For many, the decision to rent out their own home is the end result of a number of complicated financial problems.
Vargo and Preis decided to rent out their tiny home when their banker laid out a plan: spend $50,000 to renovate the home, rent it out for a few years, and then sell it. In the meantime, the bank would provide a loan for a new property.
Vargo said he and his partner were lucky compared to many accidental landlords. The couple never lived in the dilapidated home they purchased in 2007, and instead had been renting a nearby apartment while they prepared for the house to be demolished.
Over the summer, the couple instead began transforming the home into a rental property. They installed new flooring and appliances, and plan to schedule an inspection once the renovations are completed. Vargo compiled a list of electricians, plumbers, and others to call for emergency maintenance needs.
"You have to have somebody ready," he said. "Because as you know, if you've been a renter, suddenly your water goes out, you call yelling, 'We have no water. I'm in the middle of a shower. I have to get to work.' Those are the calls we're going to get."
Vargo also consulted with friends who own rental properties. He said the advice he received from one friend was surprising.
"She said, at wine group, 'You don't want to rent to poor people,'" Vargo said, adding that the woman encouraged him to increase the rent "to get a better quality tenant."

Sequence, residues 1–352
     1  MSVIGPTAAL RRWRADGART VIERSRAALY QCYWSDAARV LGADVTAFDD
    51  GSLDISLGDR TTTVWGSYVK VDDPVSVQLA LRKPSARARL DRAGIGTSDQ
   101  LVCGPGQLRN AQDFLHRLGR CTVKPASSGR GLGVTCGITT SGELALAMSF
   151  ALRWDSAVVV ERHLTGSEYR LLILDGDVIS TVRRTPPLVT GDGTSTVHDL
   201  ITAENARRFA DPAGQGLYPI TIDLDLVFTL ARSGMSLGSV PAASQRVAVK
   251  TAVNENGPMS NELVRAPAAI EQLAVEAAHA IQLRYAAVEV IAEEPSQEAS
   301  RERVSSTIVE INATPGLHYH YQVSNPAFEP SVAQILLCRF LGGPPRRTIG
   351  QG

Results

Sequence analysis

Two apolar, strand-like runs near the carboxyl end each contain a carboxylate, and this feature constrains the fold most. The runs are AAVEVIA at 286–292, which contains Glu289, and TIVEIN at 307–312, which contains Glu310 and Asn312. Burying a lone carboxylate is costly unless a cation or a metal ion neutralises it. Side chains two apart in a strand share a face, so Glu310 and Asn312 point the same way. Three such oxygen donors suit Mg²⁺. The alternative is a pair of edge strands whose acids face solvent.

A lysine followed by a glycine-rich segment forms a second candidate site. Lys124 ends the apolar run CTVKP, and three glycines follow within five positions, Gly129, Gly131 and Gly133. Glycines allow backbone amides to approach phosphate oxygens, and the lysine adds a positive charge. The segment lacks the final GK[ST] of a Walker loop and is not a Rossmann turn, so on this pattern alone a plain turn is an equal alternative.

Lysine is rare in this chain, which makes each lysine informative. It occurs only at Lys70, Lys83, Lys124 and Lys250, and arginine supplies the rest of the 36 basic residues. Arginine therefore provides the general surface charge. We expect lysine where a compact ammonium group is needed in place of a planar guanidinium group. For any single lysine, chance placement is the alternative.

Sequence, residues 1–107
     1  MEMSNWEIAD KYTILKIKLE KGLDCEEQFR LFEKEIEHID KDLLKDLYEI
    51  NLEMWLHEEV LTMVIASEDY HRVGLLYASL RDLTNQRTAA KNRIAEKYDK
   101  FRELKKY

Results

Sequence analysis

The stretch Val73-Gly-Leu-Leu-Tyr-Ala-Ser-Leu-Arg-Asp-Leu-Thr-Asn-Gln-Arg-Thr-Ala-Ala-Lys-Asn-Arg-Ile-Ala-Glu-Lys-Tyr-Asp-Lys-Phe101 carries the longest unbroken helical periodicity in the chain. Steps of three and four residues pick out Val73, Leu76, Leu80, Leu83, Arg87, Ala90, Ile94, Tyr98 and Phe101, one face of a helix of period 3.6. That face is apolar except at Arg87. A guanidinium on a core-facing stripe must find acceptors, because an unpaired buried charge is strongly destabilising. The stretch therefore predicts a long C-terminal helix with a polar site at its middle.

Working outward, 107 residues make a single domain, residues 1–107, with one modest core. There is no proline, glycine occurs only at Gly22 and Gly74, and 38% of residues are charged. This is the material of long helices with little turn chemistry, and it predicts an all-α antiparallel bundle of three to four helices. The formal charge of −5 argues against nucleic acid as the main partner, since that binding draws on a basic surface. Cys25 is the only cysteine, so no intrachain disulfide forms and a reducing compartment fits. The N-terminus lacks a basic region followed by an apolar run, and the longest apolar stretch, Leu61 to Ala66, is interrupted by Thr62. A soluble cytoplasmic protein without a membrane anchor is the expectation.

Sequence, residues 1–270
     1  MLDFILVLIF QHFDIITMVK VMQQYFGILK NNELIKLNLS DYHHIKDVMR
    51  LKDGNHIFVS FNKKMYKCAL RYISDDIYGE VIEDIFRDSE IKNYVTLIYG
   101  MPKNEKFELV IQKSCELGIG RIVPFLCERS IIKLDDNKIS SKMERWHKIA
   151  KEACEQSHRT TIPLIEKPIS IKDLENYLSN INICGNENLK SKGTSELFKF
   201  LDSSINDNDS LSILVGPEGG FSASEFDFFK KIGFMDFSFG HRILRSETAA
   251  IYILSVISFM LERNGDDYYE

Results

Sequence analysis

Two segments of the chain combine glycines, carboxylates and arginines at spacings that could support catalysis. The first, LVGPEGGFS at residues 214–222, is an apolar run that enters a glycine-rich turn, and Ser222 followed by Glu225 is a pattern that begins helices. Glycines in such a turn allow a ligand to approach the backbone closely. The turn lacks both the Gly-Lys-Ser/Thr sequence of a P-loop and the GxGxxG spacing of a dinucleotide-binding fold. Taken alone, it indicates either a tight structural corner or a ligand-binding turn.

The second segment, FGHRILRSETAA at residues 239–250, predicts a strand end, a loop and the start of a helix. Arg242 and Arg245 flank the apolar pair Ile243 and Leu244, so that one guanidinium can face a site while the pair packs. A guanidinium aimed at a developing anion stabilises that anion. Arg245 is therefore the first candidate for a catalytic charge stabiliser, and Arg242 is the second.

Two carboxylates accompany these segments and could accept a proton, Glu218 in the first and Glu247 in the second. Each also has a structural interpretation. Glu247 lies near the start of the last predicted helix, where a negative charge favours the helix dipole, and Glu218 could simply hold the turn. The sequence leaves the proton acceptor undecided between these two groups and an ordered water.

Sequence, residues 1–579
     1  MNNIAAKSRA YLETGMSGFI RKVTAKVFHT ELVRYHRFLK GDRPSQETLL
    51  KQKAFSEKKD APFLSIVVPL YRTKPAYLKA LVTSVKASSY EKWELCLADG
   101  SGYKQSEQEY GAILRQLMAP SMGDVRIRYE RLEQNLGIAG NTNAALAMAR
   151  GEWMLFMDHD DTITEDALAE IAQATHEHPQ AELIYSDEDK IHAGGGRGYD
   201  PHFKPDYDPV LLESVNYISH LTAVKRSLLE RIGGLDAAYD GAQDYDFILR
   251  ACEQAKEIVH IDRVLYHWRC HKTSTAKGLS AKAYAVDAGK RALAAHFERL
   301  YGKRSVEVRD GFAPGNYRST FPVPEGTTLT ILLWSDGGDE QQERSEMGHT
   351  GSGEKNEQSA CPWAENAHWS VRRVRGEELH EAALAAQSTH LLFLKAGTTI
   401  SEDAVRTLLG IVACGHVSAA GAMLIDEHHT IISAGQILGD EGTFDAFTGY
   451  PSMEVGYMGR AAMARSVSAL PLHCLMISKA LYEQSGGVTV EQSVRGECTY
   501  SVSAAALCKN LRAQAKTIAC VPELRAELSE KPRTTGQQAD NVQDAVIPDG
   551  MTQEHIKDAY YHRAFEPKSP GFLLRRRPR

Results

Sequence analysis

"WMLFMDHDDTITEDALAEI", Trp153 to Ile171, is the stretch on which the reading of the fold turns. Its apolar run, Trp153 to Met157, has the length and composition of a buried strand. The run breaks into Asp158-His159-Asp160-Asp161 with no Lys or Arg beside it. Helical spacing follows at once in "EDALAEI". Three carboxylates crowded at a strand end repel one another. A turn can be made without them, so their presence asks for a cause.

"We were aghast," he said. "That just sounded harsh."
The couple had planned to rent the two-bedroom home for $700 a month, but after consulting with their real estate broker, increased the rent to $950. Vargo said he's optimistic that they'll be able to find a renter as soon as the renovations are completed.
In June, the couple bought a vacant lot in Richfield and plan to build their dream home there instead.
Samantha Strong, the couple's real estate broker, said that she's seeing more and more clients interested in renting out their home. Many clients want to take advantage of the low housing prices and buy a larger house, she said, but they also don't want to sell their home for less than what they believe its worth.
"We're dealing with accidental landlords, and they're not excited about it," she said. "It's not a situation somebody would choose, but sometimes it's the only thing that's going to bridge the gap when you own two homes."
Strong opened a property management division of her real estate company two months ago to manage the rental properties of new landlords. She helps homeowners find tenants and coordinates repairs and maintenance.
She also offers practical advice - invest in good quality flooring and appliances, but avoid spending too much money.
"Things will break, and you also have to consider who's living there," Strong said. "The person who's renting it will never treat it as well as you did, never."
Strong should know - she turned her Minneapolis home into a rental property several years ago and moved into a duplex. She rents out one half and lives in the other.
"Being a landlord is stressful," she said. "It takes a stomach. It definitely does."